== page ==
What a great article and worth sharing on OAC! Original article posted to Wide Open Spaces is linked to title below! This is solid information and worth a share for sure!
Start Original article:
SHOULD YOU SHOOT A DOE WITH FAWNS? (Click to visit Wide Open Spaces)
Posted by Jake VanDeLaare
We are faced with this question almost every year.
It happens to everyone. A nice, mature doe walks in range. You set up your shot, when you notice more movement. Hoping it’s a buck, you look, only to see fawns traveling with this doe. Do you still shoot? Will these fawns or yearlings survive without the supervision of the adult doe? Let’s look at the facts.
Managing a deer herd is vital to the success of the species. Harvesting a doe from time to time is a vital part of herd management and maintaining a good buck to doe ratio. Does will also chase off young bucks throwing off the ratio. Which is a benefit of shooting does early in the season, which is also when a doe is most likely to travel with a fawn.
Ultimately, a fawn’s survival depends on how reliant it is on its mother. A fawn is completely reliant on its mother until it can be weaned off of it’s mother’s milk. This occurs at roughly 70 days after its birth. In the United States a majority of fawns are born between late April and early July. So most fawns are hitting your food plots starting in July and, at the latest, September.
So while the above has been informative that doesn’t answer the question. Should you turn that doe in the above scenario into jerky?
That depends on where you live. In most states, go for it. You earned it and should enjoy that doe and don’t hesitate. Most hunting seasons are set to fall outside of that 70 day range where a fawn would need to nurse. So unless you live in the below states, congratulations on the venison.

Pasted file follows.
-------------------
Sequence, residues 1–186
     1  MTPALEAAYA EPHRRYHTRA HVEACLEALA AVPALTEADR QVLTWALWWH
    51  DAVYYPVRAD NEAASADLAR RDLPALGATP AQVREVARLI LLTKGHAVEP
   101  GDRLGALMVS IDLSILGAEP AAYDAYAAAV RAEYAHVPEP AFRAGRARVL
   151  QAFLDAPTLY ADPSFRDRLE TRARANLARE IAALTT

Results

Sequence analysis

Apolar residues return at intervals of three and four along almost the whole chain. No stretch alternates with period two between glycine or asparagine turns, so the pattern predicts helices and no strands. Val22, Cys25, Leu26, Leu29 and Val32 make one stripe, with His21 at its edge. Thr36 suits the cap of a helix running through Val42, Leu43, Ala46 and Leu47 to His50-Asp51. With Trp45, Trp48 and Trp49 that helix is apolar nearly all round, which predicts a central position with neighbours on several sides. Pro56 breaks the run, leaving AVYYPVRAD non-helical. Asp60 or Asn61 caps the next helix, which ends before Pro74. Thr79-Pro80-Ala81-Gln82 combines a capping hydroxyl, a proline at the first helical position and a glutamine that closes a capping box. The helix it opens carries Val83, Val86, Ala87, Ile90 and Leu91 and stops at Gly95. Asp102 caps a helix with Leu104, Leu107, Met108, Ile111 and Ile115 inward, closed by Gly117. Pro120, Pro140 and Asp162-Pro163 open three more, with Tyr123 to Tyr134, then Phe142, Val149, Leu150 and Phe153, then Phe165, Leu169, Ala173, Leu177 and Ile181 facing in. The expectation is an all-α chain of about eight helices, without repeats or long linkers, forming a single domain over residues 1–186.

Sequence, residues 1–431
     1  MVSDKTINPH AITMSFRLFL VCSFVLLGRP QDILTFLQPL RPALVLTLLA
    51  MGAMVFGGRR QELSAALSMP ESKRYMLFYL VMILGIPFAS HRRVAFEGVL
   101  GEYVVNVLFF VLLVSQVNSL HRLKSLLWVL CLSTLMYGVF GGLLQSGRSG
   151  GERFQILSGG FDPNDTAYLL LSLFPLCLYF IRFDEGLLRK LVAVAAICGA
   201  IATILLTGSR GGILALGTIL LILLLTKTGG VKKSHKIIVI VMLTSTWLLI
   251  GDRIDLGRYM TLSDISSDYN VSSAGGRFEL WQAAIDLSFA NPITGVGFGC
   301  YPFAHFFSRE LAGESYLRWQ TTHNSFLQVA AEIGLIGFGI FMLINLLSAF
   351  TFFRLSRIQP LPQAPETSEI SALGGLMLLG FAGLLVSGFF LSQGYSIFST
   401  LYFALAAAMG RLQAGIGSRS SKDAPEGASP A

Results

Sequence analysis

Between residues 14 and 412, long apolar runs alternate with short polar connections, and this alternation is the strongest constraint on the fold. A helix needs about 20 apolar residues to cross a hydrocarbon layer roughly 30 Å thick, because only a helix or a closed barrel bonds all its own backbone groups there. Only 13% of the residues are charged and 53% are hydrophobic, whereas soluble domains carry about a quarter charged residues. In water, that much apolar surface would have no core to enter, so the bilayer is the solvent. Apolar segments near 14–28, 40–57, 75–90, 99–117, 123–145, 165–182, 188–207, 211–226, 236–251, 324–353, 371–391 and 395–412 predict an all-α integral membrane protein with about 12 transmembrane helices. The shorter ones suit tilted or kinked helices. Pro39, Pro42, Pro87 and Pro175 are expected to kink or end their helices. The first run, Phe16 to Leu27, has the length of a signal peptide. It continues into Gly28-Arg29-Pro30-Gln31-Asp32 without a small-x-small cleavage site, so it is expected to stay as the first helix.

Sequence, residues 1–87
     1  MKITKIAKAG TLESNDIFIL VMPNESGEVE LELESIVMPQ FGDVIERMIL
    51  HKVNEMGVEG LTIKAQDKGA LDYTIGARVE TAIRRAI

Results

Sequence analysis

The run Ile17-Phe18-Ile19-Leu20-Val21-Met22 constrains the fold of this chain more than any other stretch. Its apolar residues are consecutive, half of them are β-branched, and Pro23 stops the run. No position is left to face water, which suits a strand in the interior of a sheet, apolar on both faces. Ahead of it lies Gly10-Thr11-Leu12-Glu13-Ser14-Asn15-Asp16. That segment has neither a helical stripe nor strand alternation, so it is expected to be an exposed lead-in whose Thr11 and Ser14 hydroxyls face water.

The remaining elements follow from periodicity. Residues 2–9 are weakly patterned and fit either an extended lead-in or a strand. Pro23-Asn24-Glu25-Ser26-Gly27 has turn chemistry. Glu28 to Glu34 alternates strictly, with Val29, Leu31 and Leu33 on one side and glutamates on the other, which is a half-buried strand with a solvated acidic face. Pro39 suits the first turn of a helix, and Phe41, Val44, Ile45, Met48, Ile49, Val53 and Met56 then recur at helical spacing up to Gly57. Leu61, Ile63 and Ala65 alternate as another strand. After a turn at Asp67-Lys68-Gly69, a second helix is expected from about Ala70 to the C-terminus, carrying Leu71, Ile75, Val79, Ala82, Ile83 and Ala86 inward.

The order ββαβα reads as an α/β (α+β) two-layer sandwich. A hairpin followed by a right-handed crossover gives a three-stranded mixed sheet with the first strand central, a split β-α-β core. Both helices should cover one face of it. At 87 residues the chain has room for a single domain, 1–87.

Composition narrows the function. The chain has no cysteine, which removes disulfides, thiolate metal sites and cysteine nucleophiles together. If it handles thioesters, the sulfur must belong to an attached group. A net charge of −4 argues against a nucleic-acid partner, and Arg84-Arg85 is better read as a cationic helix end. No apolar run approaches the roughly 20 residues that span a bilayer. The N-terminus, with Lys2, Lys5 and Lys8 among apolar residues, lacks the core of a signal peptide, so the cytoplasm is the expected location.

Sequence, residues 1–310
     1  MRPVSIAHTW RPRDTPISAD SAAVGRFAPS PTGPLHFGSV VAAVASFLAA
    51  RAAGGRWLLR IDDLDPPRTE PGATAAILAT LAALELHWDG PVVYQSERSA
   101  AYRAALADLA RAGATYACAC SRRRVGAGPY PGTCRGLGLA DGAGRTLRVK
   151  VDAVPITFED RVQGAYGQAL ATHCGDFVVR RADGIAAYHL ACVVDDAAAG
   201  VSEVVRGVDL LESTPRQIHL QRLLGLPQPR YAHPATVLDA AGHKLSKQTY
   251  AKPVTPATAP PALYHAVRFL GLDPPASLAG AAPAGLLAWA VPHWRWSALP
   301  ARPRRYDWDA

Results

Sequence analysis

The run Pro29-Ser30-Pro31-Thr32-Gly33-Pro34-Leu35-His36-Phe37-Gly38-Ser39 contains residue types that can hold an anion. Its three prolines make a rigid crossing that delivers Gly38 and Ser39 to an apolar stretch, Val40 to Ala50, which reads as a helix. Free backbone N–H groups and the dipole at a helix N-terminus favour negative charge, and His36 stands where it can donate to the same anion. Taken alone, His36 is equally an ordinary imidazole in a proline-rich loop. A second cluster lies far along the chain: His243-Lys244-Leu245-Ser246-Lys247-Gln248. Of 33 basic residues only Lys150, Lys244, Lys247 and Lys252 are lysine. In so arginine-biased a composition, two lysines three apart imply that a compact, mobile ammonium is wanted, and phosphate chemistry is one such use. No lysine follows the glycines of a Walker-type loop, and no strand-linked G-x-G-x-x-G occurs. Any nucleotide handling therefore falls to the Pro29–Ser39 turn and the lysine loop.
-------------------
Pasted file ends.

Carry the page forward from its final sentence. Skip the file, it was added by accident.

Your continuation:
States with Early Hunting Seasons
Florida – Season opens July 30
South Carolina – August 15
Idaho – August 3
Nebraska – September 1
Wyoming – September 1
Kentucky – September 1
Montana – September 3
North Dakota – September 4
What if you do live in one of the listed states? You aren’t out of luck you just have to be more careful. Now some of the more Southern states will have their fawns drop early so you’re still probably safe. Really what it comes down to is does that fawn have spots? If yes, let it walk if you want that fawn to survive. If the fawn doesn’t have spots take the shot.
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This is great info and in PA we have something called “Red tag season” which is crop damage tags provided to land owners who get approved crop damage from WCO’s. The season closes during the birthing time for PA whitetails and comes back in once fawns are weened and able to survive alone. Learn more about the Red Tag Program here.
Likewise shooting a mature Doe that is no longer providing offspring is a real trophy. They are smarter and tougher to kill then even mature bucks. Likewise managing your herd on private land and keeping that Doe that births two-three fawns yearly might be a wise decision. Just some food for thought!